Every British child studies Shakespeare at school. Whether it’s one of his plays, or a whole bunch, nearly all of us in the UK have a passing knowledge of at least one Shakespeare play. I vividly remember studying Romeo and Juliet, The Taming of the Shrew, and A Midsummer Night’s Dream at school, but the one I enjoyed the most was Macbeth.
Macbeth, a Scottish general, learns from three witches that he will become King of Scotland. Egged on by his wife and consumed by ambition, he murders the king and takes the throne for himself. His guilt and paranoia then send him and his wife on a downward spiral into madness. I mean, how juicy does that sound!
Unfortunately at the time I was studying the play, we never got to see a live performance, but 18 years later I was able to take full advantage of The Globe’s live streaming schedule, and watch Macbeth from the best seat in town.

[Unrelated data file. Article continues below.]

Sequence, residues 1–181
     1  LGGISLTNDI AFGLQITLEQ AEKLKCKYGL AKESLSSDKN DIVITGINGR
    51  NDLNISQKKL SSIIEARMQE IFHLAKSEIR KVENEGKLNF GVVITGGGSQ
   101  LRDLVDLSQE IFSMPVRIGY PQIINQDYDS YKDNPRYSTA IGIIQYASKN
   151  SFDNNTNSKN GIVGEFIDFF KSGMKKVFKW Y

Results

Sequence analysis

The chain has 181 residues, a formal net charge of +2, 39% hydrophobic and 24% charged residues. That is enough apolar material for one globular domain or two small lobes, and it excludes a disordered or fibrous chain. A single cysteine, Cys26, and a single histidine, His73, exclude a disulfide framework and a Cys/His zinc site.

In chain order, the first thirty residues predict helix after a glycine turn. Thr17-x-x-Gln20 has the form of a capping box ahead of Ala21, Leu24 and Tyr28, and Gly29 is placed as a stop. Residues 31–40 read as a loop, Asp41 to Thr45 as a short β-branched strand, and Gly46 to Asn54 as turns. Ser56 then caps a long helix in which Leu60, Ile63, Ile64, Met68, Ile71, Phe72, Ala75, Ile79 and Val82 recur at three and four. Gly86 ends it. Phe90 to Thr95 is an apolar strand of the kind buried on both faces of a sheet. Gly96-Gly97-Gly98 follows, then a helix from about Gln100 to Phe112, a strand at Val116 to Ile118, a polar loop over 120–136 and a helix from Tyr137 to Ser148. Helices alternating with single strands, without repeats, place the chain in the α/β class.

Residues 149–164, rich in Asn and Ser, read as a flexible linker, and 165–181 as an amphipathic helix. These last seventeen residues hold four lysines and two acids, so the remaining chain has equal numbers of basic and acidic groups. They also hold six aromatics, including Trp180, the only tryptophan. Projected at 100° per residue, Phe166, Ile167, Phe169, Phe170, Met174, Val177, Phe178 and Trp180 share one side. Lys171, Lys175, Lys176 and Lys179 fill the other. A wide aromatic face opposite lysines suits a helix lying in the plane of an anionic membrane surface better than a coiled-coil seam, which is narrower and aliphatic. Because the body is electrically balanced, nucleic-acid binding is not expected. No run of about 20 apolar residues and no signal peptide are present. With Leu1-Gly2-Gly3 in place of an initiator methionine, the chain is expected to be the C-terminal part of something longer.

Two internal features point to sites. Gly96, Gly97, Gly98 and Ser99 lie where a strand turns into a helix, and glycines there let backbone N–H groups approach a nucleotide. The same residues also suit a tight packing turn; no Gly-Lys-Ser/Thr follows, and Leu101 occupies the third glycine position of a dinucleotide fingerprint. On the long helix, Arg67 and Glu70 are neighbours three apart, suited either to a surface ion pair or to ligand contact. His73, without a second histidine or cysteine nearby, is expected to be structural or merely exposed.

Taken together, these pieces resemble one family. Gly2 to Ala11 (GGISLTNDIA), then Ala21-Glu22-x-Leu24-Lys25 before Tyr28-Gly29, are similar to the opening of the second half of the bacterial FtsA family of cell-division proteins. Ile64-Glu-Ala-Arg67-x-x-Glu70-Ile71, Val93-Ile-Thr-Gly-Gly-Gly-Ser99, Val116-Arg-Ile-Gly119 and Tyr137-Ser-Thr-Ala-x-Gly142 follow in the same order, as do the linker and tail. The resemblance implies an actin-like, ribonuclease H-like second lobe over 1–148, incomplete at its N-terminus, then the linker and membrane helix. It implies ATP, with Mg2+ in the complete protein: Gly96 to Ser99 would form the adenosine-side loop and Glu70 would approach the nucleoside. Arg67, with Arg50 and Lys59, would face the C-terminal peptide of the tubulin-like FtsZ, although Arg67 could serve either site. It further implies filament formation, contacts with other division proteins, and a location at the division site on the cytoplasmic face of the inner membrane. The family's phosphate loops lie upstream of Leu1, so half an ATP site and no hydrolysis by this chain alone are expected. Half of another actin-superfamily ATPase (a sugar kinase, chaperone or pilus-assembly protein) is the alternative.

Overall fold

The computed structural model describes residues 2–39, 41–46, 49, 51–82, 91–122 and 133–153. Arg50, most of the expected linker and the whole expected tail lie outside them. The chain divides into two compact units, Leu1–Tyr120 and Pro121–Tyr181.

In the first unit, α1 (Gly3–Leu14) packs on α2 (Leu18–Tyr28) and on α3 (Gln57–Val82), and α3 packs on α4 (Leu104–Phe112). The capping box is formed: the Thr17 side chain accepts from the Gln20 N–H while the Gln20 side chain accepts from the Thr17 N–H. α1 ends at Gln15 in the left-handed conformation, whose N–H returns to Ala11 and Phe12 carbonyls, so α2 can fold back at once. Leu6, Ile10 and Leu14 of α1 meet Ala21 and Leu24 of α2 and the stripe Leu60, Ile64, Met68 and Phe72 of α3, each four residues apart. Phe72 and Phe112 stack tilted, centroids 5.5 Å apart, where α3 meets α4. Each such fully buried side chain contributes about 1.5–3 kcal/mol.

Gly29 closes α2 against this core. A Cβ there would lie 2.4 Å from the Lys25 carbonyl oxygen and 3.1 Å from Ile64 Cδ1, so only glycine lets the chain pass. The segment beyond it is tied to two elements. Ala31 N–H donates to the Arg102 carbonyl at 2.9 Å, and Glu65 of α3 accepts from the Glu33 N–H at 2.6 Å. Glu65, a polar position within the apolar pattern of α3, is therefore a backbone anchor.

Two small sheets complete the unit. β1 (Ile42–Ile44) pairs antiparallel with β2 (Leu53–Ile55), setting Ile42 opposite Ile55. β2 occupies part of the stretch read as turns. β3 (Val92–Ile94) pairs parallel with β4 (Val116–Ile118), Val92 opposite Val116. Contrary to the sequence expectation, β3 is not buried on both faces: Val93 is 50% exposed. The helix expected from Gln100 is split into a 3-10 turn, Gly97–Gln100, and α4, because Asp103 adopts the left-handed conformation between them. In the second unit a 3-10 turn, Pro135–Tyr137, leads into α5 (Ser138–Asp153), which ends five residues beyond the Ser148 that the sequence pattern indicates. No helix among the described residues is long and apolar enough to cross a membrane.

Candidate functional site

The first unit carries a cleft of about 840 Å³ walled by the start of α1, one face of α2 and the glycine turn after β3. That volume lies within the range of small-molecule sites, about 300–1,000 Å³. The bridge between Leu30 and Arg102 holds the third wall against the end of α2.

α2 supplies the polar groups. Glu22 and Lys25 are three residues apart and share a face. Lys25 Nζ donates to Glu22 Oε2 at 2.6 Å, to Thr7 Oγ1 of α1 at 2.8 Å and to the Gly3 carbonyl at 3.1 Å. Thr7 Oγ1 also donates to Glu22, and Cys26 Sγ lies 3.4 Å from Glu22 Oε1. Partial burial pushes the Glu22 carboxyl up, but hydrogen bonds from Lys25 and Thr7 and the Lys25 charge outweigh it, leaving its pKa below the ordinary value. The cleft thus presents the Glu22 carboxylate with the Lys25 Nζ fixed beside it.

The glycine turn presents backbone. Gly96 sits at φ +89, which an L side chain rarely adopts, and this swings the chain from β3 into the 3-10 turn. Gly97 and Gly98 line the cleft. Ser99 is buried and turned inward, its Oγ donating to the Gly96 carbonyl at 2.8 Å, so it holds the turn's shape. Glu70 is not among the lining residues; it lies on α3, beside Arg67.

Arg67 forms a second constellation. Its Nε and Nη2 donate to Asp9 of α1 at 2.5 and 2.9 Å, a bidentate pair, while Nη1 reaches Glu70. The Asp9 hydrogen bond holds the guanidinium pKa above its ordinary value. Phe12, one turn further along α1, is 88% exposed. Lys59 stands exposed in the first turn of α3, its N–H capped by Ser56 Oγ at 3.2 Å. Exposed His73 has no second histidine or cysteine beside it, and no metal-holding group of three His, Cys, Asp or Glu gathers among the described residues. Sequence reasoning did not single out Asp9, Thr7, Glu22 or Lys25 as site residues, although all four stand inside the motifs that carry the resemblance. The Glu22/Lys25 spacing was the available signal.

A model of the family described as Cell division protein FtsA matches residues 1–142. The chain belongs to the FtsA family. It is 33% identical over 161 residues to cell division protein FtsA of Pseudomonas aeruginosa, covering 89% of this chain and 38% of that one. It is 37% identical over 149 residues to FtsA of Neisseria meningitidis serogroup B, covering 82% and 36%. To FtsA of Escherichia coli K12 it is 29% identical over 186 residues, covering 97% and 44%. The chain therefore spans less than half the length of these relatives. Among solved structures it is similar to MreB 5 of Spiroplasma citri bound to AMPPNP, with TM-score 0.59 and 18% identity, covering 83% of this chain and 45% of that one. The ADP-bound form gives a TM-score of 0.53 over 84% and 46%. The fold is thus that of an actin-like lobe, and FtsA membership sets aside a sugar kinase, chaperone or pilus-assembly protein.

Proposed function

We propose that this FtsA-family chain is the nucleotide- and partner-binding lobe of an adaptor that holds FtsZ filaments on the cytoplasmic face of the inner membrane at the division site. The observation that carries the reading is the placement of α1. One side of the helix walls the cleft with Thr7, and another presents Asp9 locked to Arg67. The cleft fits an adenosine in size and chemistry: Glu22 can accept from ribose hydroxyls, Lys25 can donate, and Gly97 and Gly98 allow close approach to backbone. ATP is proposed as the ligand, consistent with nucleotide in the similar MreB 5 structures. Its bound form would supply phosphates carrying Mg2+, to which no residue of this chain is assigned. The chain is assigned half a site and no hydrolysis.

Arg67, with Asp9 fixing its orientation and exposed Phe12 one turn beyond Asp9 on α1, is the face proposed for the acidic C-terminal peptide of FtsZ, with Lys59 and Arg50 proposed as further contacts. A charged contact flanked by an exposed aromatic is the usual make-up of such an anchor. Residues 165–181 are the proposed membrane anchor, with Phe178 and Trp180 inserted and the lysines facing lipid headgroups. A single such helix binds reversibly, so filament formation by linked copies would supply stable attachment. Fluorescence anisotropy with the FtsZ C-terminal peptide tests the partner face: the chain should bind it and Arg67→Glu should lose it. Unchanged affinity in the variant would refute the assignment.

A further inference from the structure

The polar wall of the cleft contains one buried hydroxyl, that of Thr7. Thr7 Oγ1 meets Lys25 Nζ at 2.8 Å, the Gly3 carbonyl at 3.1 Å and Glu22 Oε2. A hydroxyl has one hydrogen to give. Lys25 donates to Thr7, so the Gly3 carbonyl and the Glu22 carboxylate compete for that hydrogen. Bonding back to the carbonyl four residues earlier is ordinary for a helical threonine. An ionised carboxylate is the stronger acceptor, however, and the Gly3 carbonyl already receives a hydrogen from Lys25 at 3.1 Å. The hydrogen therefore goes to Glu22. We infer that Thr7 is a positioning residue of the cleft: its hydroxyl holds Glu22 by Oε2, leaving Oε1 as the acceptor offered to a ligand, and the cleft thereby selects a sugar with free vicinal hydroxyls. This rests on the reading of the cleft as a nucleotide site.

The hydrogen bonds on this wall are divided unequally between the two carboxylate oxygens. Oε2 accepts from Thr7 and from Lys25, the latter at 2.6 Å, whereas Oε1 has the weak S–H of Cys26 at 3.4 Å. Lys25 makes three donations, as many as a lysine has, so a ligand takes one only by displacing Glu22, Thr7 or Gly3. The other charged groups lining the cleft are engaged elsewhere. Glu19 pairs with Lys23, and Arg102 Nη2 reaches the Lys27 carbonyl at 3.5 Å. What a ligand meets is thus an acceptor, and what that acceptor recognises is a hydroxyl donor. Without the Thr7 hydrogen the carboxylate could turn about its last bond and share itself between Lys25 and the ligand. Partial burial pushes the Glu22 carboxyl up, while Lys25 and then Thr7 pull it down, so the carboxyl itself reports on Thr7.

The play had been recorded during the day, meaning that you can actually see the audience – something not normally possible in any other live-streamed performances I’ve seen. I’ve enjoyed these performances, but it often feels a little like watching a film – a very individual experience. Seeing and hearing the audience’s reactions (somewhat helped by the large group of school children who were extra surprised at the play’s twists and turns) made it feel a little more communal, knowing we were all sharing similar emotions at the same time.
The performance itself was really watchable, even if it did lose me a little during the slower, more political parts. It moves at quite a quick pace though, so this wasn’t too much of an issue. I wasn’t so convinced about the strange dance at the end: something I definitely didn’t expect to see. It was a fun way to spend an afternoon, and I’m glad I can now say that I’ve seen Macbeth, even it was from afar.